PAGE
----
The periosteal reaction is a process in which a patient's periosteum is subjected to various stimuli, presenting as activity of osteoblasts in the inner layer of the bone increases and growth of periosteal new bone. There are numerous kinds of morphologies under the influence of different external stimuli, considering as an imaging feature of bone or surrounding and playing an extremely important role in identifying the location, characterization, and extent of lesions. All patients in our study were classified as chronic infections according to the Tsukayama classification. A number of studies in recent years have shown that chronic infections are mostly related to biofilm formation and immune escape(24, 25), and long-lasting local inflammation causes periosteal hyperplasia of the inner and outer cortical bone presented as layered or dense periosteal appearance(26, 27). In addition, studies in the infection group showed that not all patients had a positive periosteal reaction, which was similar to previous studies(21, 23, 28). X-ray imaging results can only reflect mineralization or periosteal osteogenesis with calcium salt deposition. Some studies have shown that periosteal mineralization takes approximately 10–21 days(29), which is why the neonatal periosteal reaction would be easily ignored by doctors. Therefore, patients with acute prosthetic infection in the acute stage are mostly normal on imaging or only have displacement of the prosthesis. In general, the periosteal reaction caused by infection is mostly attributed to pus infiltration under the periosteal stimulation(10). The severity of the infection is related to the bacterial virulence and local immune microenvironment.
On the other hand, the overall positive rate of periosteal reaction in patients was low, only approximately 33%, but some patients in the non-infected group also observed its existence, which led to a decrease in the sensitivity and specificity. However, through demographic characteristics and imaging tests of the cases, we found that the FPR-positive cases in the non-infected group were all overweight women approximately 50 years old, except for one case (Fig. 1c), and most of the reactions were located at the end-piece of the prosthesis characterized by expansive hyperplasia. Pawel Szulc et al. showed that cortical bone loss was noticeable in perimenopausal women, while it was relatively slow in men(30). The bone-prosthesis-cement interface is formed at the end of the prosthesis after joint replacement, which belongs to the stress concentration point. By strong mechanical stimulation, local microfracture arises, and the periosteal reaction is obviously concentrated without spreading upward to the upper and middle parts of the prosthesis(31, 32). In addition, the routine laboratory tests in the non-infected group did not show significant positive changes, which can be ruled out by combined diagnosis.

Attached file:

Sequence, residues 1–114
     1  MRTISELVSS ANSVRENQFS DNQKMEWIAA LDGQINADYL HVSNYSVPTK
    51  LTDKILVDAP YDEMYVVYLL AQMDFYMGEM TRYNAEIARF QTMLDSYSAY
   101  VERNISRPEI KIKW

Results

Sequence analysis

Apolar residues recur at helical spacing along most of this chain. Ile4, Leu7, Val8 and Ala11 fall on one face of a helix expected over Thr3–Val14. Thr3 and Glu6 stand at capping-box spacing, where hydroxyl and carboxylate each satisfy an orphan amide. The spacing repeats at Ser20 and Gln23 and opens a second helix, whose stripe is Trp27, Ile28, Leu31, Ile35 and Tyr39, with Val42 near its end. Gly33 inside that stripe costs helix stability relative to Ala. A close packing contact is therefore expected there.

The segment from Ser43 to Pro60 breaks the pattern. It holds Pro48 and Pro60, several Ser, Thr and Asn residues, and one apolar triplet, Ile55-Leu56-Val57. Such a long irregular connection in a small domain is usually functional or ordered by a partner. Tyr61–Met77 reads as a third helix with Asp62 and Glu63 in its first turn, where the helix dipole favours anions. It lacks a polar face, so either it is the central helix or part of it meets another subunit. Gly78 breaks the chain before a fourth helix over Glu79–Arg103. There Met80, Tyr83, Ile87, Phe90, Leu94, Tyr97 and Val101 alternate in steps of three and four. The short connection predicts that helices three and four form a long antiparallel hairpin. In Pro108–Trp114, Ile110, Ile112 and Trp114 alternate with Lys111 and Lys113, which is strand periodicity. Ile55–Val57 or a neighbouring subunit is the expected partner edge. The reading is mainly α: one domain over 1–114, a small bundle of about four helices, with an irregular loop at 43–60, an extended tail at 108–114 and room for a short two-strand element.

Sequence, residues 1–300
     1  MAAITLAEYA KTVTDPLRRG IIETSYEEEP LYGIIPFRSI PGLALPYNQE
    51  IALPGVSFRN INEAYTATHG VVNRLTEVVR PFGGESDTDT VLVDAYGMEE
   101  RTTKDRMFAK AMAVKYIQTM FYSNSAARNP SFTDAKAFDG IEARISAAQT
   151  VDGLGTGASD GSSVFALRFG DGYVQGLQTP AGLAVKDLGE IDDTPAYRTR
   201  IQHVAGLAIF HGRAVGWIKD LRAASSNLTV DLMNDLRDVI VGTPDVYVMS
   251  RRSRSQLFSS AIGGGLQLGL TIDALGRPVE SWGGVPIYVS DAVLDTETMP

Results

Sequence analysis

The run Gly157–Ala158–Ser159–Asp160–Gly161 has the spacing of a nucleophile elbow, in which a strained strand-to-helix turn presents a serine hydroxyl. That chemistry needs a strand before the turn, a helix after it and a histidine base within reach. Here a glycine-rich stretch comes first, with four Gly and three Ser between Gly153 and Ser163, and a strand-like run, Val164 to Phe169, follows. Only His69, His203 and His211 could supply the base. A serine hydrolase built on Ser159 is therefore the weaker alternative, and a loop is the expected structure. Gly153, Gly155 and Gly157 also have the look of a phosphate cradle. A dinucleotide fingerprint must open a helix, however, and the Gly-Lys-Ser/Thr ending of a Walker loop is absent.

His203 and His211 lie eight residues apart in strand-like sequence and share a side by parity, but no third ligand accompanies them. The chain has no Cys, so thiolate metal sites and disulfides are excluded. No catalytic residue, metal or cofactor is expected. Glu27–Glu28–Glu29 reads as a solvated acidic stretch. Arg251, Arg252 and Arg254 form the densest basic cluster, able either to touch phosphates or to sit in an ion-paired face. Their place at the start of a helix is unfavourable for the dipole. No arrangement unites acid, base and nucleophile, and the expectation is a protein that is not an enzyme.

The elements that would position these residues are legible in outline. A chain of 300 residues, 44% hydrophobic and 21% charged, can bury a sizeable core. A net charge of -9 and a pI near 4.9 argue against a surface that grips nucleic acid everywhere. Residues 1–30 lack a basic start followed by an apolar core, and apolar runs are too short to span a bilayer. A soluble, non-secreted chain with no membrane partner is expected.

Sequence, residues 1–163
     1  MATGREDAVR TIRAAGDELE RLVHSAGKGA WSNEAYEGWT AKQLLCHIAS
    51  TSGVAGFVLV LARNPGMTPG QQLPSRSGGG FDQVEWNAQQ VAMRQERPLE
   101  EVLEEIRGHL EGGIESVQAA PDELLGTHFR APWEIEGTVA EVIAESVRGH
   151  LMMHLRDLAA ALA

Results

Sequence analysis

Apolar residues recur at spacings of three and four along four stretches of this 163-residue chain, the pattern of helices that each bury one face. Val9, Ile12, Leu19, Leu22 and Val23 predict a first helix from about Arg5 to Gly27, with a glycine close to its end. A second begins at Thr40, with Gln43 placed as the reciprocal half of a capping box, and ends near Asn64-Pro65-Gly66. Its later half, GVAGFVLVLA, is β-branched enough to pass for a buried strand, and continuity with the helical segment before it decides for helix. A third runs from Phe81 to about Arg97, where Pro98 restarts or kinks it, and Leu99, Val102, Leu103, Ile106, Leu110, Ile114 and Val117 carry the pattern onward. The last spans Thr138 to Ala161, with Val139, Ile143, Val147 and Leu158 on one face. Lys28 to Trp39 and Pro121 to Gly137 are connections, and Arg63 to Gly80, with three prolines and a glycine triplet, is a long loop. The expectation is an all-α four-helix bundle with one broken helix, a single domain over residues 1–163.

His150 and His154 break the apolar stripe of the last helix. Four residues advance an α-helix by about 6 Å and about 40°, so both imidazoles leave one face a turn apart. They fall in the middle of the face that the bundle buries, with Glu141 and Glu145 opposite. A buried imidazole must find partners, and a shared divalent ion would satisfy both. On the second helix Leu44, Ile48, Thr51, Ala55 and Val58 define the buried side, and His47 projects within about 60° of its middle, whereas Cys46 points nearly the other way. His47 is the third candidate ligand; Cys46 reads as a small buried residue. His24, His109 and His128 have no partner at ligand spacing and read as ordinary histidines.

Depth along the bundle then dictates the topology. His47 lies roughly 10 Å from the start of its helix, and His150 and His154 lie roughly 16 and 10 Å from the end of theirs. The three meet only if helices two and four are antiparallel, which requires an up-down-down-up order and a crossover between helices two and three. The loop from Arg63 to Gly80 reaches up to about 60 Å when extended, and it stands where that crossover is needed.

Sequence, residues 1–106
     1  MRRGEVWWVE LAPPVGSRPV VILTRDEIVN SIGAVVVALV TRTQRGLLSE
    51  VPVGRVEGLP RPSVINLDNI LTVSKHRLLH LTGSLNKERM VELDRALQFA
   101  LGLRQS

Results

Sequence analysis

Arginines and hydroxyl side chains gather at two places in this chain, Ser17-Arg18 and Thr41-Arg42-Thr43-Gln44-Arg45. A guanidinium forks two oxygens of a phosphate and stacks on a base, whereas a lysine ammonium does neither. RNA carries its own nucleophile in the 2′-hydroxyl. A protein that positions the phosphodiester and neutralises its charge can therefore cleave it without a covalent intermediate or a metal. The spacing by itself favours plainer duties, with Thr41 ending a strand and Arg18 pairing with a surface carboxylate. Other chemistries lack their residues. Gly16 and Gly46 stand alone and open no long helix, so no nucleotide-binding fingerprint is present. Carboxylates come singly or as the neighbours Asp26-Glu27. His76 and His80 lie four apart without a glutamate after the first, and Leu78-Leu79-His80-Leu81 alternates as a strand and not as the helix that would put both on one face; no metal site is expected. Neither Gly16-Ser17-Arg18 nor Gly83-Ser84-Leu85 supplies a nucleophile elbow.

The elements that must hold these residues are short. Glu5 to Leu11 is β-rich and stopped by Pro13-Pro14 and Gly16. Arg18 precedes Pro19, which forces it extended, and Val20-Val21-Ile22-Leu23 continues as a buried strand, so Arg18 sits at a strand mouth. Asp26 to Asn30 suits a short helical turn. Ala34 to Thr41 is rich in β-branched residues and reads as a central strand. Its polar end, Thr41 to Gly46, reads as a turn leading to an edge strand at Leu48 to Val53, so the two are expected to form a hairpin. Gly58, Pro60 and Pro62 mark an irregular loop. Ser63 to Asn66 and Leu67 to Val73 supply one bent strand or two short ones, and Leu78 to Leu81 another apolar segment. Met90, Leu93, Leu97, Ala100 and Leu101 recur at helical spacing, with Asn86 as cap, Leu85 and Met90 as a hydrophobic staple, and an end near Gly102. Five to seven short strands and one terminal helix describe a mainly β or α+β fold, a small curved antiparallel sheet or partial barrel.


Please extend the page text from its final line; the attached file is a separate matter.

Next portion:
There are several limitations in our research. First, our research is limited by the inherent shortcomings of retrospective studies. It is a single-centre case review, so the number of patients included in the study is relatively small. Although we set up a control group for comparative studies, the overall positive rate of periosteum response is not high. The study set up a double-blind imaging test to collect image data, but it could still not avoid the existence of selective migration. Second, although X-ray imaging has better spatial resolution, it is more inexpensive and much more convenient. Compared with CT scan, imaging still has many disadvantages, such as unclear resolution and easy missed diagnosis of periosteal reaction. Studies have shown that multi-detector CT can better compensate for the above disadvantages(33). In the future, research directions may need to use more advantageous imaging methods to assist in diagnosis.